WASHINGTON — Radio Free Asia has launched a question and answer show with Aung San Suu Kyi, giving the people of military-ruled Myanmar the rarest of opportunities to communicate directly with the democracy icon.
The US-funded broadcaster is airing weekly Burmese-language segments on Friday evenings with the 65-year-old opposition leader, who has been under house arrest for 15 of the last 21 years and was last released in November.
Questions for Suu Kyi come in via email or phone and some have already arrived from people within Myanmar, a Radio Free Asia spokesman told AFP, adding that 20 percent of adults there listen to the program.
Myanmar’s ruling junta clamps down hard on any dissent but is unable technically to block the broadcasts, which the population of the majority Buddhist southeast Asian nation of 50 million can pick up on shortwave radio.
“In Burma, there is no opinion or perspective expressed on official media apart from that of the ruling regime,” Nyein Shwe, service director of RFA Burmese, said, using Myanmar’s colonial name.
“Many Burmese people never in their lifetimes imagined they would be able to hear Aung San Suu Kyi discuss her views nor ask her their questions on the radio. For them, it?s a first.”
A pilot episode, broadcast on November 30, featured six questions from members of the diaspora living outside the country: a doctor, a cartoonist, a student leader, a monk, an activist and an ethnic leader.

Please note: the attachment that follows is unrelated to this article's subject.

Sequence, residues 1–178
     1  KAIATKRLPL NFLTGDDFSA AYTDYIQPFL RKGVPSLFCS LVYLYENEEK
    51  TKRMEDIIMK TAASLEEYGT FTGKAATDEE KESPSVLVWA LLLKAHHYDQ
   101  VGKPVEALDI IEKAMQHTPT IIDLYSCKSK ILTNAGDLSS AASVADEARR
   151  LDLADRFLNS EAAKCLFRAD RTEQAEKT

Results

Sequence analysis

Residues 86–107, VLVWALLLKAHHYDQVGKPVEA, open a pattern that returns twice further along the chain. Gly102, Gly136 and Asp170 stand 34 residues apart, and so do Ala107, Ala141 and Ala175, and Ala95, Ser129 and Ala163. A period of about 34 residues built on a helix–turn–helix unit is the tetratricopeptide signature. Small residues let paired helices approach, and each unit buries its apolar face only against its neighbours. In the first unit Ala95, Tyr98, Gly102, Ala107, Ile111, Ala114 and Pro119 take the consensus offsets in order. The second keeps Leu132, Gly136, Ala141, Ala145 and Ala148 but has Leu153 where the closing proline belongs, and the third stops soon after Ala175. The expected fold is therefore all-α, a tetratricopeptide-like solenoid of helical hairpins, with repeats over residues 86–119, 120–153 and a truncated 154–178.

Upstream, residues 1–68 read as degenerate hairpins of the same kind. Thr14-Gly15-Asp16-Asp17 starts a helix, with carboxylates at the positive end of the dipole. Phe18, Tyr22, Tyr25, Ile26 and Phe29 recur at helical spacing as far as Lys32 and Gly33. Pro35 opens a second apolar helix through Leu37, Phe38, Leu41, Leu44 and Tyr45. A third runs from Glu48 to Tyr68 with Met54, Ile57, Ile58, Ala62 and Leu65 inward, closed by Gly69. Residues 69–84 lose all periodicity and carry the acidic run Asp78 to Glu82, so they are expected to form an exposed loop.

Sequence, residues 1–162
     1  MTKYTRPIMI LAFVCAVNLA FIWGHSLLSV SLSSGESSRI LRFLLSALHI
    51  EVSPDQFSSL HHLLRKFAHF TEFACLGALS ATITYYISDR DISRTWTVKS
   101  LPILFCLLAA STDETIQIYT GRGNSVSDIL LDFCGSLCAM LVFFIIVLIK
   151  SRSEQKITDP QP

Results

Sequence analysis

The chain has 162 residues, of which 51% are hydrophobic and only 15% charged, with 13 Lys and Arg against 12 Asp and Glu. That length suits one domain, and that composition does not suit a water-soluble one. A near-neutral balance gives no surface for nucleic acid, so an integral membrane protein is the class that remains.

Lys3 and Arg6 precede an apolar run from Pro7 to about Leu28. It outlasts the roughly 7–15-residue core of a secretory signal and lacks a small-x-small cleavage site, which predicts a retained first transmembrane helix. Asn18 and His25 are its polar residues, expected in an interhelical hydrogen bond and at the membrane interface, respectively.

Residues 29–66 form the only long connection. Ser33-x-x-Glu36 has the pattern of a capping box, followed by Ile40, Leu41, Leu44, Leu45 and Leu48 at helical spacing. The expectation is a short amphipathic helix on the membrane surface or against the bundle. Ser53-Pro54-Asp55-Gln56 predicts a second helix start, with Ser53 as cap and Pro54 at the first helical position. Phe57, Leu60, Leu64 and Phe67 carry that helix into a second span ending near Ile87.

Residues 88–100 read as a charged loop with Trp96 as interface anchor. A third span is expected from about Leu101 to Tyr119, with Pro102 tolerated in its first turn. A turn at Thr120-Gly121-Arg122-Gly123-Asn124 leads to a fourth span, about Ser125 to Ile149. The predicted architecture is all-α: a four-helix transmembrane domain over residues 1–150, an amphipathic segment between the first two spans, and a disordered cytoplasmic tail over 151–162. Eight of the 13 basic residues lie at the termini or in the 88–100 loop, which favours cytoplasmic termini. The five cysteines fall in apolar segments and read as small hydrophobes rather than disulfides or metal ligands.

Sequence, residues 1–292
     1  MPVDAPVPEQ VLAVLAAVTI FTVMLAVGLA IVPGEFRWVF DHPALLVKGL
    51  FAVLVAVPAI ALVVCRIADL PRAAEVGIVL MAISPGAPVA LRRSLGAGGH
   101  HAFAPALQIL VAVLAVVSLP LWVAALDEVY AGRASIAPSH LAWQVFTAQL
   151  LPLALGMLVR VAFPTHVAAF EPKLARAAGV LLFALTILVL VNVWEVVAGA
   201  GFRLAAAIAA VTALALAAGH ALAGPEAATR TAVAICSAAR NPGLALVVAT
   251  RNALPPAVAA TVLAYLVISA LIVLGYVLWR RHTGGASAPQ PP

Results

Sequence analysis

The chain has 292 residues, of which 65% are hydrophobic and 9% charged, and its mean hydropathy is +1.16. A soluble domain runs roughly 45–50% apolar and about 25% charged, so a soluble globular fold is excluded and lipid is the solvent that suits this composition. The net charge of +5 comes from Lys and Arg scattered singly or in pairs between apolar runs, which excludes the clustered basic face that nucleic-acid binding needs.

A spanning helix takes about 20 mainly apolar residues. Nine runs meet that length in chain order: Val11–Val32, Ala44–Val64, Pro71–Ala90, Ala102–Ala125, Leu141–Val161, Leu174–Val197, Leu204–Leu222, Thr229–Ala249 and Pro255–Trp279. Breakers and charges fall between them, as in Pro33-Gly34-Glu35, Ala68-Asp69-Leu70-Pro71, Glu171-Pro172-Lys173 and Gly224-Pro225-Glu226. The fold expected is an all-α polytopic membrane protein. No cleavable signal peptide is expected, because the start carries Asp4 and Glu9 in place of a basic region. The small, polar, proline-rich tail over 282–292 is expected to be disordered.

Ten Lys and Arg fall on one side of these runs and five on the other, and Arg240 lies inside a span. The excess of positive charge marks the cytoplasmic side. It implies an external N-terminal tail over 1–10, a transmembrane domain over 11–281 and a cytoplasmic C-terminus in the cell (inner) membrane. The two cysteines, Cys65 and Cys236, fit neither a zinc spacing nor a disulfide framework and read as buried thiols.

Radio Free Asia provided a special audio version of the first “Daw Aung San Suu Kyi and the People” show with Suu Kyi answering the questions in English. This can be found on the group’s website at www.rfa.org/english.
“We have constantly reviewed our position with regard to sanctions and once again we are going to see if there is anything we can do to improve the situation,” she replied to one question, treading carefully.
Suu Kyi was freed from detention on November 13, days after a rare election which has been widely panned by international observers including US President Barack Obama, who said Myanmar’s “bankrupt regime” had stolen the vote.
Obama’s administration launched dialogue with Myanmar’s military rulers last year after concluding that Western attempts to isolate the regime had produced little success.
Suu Kyi, a Nobel Peace Prize laureate, has welcomed this engagement but warned that greater human rights and economic progress are still needed.